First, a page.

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Judiciary focusing on "individualized justice"

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by Ken Quintanilla

Guam - It was a full house and standing room only as Supreme Court of Guam Chief Justice Robert Torres delivered his State of the Judiciary Address from the Guam Legislature Thursday night.

With a focus on individualized justice, Torres recognizes that it's not about filling the island's already overcrowded prison, but treating the problem at the source to combat the rise in crime.

It's an alarming reality - a cyclical life of crime here on the island inundated with repeat offenders. With one in every 25 people on Guam under community supervision, an overcrowded prison, a growing number of pre-trial defendants, and an increase in juvenile offenders, Chief Justice Torres understands that as gatekeepers, the Judiciary has plenty of work ahead to keep Guam safe.

"It's become clear that our traditional approaches of criminal justice are just not enough. Our goal has to be to treat the source of what leads people into the justice system. Rather than just punish criminal conduct," his honor explained.

And while the traditional take on criminal justice no longer works, evidence shows what does work. This includes community based programs for mental health, substance abuse treatments, anger management programs, family counseling, education and employment programs as well as probation and supervision.

Keeping with moving forward, the Judiciary is pushing efforts for better accessibility to justice. Currently, the judiciary is working to cater to veterans with the establishment of the veterans treatment court by early next year, to cater to the underprivileged with the beginnings of certifications for limited license legal technicians, and to cater to those who don't speak English with the creation of the court interpreter registry program which already includes 40 contracted interpreters in 15 languages and dialects. This pool is expected to grow as the Judiciary has partnered with the Guam Community College to develop an interpreter certification program.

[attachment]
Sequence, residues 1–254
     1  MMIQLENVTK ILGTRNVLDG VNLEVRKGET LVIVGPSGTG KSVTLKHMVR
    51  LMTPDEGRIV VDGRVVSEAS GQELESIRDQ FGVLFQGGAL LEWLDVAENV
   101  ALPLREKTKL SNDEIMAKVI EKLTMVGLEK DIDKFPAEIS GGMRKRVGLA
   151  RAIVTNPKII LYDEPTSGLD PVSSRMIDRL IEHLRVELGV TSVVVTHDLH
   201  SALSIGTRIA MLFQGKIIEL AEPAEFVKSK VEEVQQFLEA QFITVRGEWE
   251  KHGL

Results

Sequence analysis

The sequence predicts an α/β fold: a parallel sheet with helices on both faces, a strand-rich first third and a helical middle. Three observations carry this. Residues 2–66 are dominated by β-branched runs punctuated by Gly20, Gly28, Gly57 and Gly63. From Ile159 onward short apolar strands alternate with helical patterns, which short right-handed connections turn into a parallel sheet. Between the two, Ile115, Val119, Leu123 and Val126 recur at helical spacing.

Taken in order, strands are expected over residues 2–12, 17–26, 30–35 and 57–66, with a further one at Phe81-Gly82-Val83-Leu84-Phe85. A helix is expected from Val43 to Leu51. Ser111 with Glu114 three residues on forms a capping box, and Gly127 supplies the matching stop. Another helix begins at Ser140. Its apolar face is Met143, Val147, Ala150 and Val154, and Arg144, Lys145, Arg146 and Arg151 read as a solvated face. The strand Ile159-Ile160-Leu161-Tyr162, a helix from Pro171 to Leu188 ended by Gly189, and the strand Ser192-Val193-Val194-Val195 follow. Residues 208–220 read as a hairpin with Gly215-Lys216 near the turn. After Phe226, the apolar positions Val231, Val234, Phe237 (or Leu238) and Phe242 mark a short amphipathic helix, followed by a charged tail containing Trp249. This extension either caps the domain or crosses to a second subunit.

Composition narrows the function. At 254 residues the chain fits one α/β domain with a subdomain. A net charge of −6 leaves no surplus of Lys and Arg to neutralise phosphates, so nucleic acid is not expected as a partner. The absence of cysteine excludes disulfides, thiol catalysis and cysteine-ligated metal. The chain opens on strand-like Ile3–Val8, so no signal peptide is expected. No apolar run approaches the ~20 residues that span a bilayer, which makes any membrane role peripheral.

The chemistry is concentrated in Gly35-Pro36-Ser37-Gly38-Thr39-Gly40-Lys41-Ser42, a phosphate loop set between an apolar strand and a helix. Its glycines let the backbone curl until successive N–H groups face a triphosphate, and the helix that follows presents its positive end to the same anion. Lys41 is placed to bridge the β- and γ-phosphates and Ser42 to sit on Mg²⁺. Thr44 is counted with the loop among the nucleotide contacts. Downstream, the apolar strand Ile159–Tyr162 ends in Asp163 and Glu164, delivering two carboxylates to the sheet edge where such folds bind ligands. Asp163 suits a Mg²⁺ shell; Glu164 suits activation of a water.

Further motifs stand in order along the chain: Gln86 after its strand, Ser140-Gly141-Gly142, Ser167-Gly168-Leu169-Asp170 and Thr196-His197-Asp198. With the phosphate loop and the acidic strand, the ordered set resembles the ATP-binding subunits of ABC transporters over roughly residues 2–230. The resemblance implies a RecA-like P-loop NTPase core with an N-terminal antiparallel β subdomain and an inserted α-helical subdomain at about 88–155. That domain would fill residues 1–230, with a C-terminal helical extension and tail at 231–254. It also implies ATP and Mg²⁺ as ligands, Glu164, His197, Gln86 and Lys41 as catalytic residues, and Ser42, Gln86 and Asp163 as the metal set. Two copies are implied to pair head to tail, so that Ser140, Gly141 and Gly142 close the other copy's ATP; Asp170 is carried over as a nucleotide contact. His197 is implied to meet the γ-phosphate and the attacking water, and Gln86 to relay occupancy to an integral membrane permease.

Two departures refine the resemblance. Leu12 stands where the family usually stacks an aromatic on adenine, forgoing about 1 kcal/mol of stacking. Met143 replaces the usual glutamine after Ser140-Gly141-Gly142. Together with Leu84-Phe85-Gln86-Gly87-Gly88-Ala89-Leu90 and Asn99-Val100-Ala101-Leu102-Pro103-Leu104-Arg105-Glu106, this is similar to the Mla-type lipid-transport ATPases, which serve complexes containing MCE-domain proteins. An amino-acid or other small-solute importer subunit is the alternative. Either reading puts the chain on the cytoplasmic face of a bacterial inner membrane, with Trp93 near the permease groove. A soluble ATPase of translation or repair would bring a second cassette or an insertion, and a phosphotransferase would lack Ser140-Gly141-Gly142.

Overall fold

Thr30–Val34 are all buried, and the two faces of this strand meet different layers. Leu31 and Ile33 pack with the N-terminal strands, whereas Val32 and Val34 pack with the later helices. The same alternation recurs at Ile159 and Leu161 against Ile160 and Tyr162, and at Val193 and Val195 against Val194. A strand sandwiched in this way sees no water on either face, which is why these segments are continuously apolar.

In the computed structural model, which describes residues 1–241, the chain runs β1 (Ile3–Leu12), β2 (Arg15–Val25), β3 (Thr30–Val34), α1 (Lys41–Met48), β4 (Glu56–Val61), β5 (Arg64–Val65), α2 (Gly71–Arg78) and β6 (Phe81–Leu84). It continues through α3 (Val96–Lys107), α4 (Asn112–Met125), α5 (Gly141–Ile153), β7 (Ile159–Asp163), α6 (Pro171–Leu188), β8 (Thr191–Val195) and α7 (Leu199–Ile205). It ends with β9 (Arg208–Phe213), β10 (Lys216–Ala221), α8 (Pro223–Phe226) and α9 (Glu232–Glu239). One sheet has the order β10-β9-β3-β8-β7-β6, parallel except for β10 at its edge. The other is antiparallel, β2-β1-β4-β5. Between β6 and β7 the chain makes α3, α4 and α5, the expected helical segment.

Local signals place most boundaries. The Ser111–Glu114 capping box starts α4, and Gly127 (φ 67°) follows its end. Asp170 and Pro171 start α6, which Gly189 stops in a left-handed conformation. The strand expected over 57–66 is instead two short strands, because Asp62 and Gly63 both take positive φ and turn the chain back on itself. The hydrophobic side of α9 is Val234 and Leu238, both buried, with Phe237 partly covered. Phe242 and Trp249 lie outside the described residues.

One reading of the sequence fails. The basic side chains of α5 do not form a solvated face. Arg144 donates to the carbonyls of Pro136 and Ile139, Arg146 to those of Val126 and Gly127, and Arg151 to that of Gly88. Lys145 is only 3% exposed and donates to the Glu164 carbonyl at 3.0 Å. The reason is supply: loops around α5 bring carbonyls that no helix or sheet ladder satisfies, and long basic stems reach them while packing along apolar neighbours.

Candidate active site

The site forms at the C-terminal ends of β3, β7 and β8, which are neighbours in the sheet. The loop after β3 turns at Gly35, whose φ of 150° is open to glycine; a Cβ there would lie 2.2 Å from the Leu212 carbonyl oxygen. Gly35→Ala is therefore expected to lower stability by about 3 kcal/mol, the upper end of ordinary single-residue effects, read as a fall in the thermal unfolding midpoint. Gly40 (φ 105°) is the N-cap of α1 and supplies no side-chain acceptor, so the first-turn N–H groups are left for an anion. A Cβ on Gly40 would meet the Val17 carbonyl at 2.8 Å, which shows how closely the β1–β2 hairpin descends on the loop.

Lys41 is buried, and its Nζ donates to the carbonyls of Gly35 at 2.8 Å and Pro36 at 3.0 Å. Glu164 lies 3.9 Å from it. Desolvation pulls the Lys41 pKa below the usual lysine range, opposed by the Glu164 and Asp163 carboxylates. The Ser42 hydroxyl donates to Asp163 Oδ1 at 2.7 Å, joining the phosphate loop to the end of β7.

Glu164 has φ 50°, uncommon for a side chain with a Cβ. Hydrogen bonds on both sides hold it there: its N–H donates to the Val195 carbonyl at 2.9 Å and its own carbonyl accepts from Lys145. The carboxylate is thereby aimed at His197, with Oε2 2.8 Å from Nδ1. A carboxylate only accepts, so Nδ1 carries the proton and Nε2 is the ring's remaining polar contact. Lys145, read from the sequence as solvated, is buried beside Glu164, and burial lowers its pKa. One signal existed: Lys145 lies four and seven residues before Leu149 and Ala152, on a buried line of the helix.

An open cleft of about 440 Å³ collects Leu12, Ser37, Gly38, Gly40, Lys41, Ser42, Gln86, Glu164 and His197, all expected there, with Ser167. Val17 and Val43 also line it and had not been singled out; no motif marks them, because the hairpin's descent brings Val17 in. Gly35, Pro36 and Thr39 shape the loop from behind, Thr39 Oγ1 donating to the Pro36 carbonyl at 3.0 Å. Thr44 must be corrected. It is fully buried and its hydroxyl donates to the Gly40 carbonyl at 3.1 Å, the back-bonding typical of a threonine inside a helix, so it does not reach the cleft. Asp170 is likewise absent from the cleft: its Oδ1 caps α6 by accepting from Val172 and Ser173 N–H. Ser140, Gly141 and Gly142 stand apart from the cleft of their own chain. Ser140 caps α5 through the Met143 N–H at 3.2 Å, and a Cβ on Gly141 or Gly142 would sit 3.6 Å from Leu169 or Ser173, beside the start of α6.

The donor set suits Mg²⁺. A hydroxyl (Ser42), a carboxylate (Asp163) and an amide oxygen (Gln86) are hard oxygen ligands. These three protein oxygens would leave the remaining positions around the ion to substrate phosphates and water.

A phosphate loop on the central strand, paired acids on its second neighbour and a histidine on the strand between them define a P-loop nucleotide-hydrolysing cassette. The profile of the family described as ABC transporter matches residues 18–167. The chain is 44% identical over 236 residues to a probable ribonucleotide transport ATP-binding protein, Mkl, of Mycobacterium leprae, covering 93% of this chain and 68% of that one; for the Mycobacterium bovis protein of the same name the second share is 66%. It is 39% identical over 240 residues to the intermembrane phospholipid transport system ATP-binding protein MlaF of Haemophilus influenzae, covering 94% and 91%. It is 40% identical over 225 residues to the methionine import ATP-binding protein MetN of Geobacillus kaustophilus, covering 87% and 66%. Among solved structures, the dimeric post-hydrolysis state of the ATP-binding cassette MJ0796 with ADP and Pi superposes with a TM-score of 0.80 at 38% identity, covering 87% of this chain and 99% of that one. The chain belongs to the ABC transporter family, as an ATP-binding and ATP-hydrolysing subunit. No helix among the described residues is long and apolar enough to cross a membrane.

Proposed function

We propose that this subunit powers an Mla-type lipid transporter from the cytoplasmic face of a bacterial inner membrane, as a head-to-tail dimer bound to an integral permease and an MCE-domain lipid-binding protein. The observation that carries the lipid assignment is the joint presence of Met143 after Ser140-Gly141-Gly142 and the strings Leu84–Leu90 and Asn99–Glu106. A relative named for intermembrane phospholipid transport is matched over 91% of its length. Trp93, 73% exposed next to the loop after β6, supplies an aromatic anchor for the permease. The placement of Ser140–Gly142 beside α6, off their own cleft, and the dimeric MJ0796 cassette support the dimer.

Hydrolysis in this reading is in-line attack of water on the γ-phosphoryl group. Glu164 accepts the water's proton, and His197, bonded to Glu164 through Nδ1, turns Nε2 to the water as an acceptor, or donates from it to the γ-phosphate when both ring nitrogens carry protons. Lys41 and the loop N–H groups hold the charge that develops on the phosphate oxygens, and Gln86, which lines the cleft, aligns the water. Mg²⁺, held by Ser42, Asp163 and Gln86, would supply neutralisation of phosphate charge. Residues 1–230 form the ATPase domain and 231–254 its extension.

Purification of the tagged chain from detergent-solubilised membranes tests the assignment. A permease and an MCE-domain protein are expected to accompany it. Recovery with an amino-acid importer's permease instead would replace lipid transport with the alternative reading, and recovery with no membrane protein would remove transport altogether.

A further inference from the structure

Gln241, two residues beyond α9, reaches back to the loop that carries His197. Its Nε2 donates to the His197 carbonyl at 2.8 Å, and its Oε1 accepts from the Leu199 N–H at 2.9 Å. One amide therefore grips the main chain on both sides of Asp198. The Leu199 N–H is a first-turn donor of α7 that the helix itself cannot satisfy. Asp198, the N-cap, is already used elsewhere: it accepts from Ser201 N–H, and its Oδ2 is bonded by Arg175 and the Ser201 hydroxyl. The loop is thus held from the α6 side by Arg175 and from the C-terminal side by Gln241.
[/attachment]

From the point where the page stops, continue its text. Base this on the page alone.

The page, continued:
Keeping with better access to justice, Torres says as the Judiciary embraces technology, they're saving time, money, travel, as well as increasing safety and security. Now court clientele can make their payments online, and defendants and off island witnesses can appear via videoconference.

Despite all these advances, the business of administering justice isn't cheap. As Torres explained, the Judiciary submitted its budget request for next fiscal year on Thursday which he says is $3.9 million more than what was requested prior.

He justifies the increase stating that 60% of the hike represents mandates, including the implementation of the Competitive Wage Act as well as the need to reinforce security both physically and electronically. "Justice is something that should never be rationed," Torres stated. "The cost of attempting to do so will be far higher in the long run than the savings that can be realized now."

In closing, Torres asks the community to take pride in the state of the Judiciary, saying, "The state of the Judiciary evolved substantially over the years, from simply deciding cases to helping address the underlying problems and alleviate the impacts of them. The people of Guam can truly be proud of the judiciary's ability to adapt and modernize. And this is just the beginning."

The address was well received by many in the audience, including Governor Eddie Calvo who's most anxious to see how the court serves our island's veterans, saying, "Then of course the other areas with some of the issues regarding our veterans. Understanding that with all of them coming back from the military how do we move forward in ensuring that because of the unique nature of a soldier that justice is dispensed in a fair way."

It was also a thumbs up from Senator Frank Aguon Jr. who was most impressed by the Judiciary's efficient use of technology. He noted, "I'm particularly interested not only in the efficiency and use of technology but also the official establishment of the Veterans Court. We certainly look forward to that support being extended to our community."

But what's the Judiciary of Guam without the Guam Police Department? As chief of police Fred Bordallo says, he's very proud of the partnership between the agencies. "I think it was a great presentation from Justice Torres especially the emphasis on working collaboratively with all the stakeholders and the community partners and ensuring that everybody is going to be confident in the Judiciary, especially with the challenges that Guam faces in ensuring that court security is taken care of, ensuring that defendants are treated individually and circumstances of how they're brought before justices is going to be different," he said.

Also partnering with the courts, Guam Community College president Dr. Mary Okada said, "We're very pleased to be working in partnership with the Guam Judiciary to establish requirements necessary to provide moderate and low income individuals with the support that they need to address their legal issues in addition to that the continuing support that we have for the interpreter program to address the interpreting requirements and needs of our community."
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